This painting is dedicated to any one who is no longer able to drink tea with someone dear.
I don’t often paint still lives. But I had an idea, and so had to paint it out of my head.
I was looking at Vincent van Gogh’s 1889 masterpiece Still life with Onions (pictured right) thinking how lonely and sad it was. On the table is a letter from his brother Theo, a paperback novel, Vincent’s pipe and tobacco pouch – a portrait of a man on his own, craving company, missing the closeness of friends and family.
So I thought I’d bring the idea up to date and fill it with warmth, love, voices, sweet treats, refreshment, and today’s primary means of communication.
Drinking tea with my family and friends is one of my favourite pastimes. I love to share ideas, find out how people are doing, talk complete nonsense, moan about the weather, as well as tackle more serious stuff (which invariably leads to Brexit!) I try to do it often. Taking tea with friends and family is always full of love, laughter, crazy ideas, and often memories of those that used to drink tea with us but have since returned to stardust…
… people like my much-missed and long-gone grandmothers, both of whom are represented in this painting and both of whom loved a cuppa. The yellow plate (Royal Worcester ‘Rail and Chain’ from the 1920s) belonged to my paternal grandmother, Nellie. The tea cups and saucers belonged to my maternal grandmother, Nora. The Acapulco teapot from Villeroy and Boch has a hell of a story spanning early 1970s Leamington Spa with my mum, and 40 years later, poet Pablo Neruda in Santiago de Chile.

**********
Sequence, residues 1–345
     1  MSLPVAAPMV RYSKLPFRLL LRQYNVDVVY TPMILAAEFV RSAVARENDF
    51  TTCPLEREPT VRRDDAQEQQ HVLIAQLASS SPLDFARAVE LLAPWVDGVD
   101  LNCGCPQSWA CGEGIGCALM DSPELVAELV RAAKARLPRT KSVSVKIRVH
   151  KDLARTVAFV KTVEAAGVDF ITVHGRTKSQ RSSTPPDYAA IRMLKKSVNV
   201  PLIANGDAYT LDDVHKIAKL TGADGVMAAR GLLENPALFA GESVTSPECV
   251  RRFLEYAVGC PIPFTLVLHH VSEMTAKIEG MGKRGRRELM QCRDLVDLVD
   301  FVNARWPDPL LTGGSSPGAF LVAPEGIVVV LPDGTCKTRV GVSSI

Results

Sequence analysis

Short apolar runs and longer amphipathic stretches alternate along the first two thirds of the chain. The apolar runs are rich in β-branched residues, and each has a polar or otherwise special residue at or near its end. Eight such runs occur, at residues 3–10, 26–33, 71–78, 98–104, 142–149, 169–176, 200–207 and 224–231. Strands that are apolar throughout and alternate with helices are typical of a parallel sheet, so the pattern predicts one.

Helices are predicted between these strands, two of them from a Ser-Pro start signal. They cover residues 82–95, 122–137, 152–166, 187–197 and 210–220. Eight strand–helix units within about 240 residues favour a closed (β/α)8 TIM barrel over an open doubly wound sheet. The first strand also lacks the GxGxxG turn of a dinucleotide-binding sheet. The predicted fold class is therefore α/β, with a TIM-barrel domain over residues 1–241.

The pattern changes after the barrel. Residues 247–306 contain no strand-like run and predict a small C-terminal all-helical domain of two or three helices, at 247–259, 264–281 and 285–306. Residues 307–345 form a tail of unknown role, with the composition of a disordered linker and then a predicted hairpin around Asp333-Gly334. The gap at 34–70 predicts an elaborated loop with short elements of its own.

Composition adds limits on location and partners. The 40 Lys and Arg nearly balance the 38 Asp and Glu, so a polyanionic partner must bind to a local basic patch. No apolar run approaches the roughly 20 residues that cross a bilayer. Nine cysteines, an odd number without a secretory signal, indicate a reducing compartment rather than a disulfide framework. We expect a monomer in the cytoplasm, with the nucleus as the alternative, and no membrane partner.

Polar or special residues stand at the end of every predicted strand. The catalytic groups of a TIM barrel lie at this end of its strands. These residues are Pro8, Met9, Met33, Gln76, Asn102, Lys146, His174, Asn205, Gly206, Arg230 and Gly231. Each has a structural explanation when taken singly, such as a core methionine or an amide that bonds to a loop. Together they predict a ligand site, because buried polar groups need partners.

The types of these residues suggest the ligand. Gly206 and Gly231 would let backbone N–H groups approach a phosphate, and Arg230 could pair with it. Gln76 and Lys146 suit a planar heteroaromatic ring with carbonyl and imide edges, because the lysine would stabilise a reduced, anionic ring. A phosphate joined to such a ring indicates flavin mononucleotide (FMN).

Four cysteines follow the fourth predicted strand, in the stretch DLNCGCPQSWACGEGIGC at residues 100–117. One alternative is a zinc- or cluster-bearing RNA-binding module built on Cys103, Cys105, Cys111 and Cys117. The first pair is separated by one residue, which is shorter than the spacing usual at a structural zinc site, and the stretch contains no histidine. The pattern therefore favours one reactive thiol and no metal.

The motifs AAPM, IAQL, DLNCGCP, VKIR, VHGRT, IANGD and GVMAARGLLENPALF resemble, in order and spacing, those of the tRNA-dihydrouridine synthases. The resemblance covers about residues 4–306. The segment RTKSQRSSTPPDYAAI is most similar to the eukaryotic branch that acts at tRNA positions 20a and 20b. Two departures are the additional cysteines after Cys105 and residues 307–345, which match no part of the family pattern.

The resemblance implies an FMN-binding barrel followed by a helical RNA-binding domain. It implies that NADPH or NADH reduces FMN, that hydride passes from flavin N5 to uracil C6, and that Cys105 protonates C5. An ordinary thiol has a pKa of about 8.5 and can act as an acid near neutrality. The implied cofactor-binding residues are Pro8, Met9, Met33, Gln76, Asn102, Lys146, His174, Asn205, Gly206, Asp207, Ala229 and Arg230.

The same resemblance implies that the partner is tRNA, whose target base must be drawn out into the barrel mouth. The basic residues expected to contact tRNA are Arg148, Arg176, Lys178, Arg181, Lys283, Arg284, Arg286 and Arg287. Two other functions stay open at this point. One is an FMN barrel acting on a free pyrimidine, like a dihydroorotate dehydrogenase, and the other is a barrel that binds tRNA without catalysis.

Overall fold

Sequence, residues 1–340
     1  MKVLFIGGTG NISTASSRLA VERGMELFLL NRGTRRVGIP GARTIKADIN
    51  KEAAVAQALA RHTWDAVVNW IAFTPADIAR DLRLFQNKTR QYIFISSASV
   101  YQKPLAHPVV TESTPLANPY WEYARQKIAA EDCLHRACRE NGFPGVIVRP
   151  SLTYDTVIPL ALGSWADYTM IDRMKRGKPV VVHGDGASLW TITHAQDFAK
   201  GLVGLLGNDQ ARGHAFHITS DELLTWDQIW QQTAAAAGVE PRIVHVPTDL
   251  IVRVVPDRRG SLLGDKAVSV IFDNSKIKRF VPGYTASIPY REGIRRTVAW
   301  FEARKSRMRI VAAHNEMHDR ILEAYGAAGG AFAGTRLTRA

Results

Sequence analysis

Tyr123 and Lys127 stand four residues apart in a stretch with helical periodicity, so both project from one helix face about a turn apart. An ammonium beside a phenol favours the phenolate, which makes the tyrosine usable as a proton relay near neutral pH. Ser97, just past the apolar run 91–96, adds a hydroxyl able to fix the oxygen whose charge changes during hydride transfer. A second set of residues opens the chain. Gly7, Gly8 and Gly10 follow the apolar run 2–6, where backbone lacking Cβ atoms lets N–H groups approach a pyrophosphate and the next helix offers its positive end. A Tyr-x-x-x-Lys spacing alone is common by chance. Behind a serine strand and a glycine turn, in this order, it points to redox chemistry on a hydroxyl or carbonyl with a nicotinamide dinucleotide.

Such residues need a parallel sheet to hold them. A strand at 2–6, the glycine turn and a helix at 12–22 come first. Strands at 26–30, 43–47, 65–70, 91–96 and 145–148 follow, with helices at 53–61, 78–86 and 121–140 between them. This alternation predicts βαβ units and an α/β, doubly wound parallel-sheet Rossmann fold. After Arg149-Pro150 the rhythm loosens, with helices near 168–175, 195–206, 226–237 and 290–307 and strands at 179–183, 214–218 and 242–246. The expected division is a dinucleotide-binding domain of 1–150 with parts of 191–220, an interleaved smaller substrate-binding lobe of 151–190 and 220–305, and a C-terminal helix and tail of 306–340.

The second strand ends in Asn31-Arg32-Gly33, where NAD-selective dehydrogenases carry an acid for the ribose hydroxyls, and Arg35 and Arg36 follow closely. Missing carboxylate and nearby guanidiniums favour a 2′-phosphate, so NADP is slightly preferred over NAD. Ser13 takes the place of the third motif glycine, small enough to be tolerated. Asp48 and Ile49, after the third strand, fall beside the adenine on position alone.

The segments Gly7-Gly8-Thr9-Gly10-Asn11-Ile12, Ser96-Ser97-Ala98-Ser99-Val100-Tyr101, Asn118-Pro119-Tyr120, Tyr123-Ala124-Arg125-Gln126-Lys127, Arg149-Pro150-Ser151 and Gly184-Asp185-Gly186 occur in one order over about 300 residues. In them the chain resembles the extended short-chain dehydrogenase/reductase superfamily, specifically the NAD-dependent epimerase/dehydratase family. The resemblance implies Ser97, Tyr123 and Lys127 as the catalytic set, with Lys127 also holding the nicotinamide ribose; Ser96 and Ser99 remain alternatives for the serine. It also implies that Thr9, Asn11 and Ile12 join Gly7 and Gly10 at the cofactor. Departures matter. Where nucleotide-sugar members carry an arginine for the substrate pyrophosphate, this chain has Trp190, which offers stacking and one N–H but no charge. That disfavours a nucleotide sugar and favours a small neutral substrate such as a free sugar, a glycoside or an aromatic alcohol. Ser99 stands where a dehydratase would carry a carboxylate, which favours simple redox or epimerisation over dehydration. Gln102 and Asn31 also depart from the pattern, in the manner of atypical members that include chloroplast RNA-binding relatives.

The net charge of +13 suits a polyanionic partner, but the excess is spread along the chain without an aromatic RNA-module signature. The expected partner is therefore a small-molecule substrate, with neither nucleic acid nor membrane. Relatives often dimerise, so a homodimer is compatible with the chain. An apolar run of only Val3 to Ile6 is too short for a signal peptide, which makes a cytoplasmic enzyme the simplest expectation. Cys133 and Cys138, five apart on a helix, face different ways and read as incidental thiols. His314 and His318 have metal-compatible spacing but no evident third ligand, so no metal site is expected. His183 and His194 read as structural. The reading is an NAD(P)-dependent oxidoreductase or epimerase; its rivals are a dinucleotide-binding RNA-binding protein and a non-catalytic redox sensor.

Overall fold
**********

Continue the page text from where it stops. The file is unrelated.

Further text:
I hope you can see the love I have tried to express in this painting.
This painting celebrates the incredible work of my hero, the scandalously unsung Alfred Russel Wallace. Wallace came up with the theory of natural selection independently of Darwin and established the study of biogeography.
This painting is no longer available, and is shown here for your viewing pleasure and for the glory of Wallace.
Read more about Wallace here.
When you visit the University of Oxford’s Natural History Museum its a job to know where to look - at the marvellous exhibits? Or at the magnificent architecture? In this painting you'll spot a dodo, some dinosaur footprints, the swifts that nest in the tower, a dinosaur skeleton and so much more! My favourite bit is the frog in the jar. What's your's? The title comes from Charles Darwin's book 'The Origin of Species' in which he wrote of his theory of evolution by natural selection: "There is grandeur in this view of life..." The print is last one of a limited edition (of 4) hand-made drypoint tinted with watercolour - 450mm x 700mm.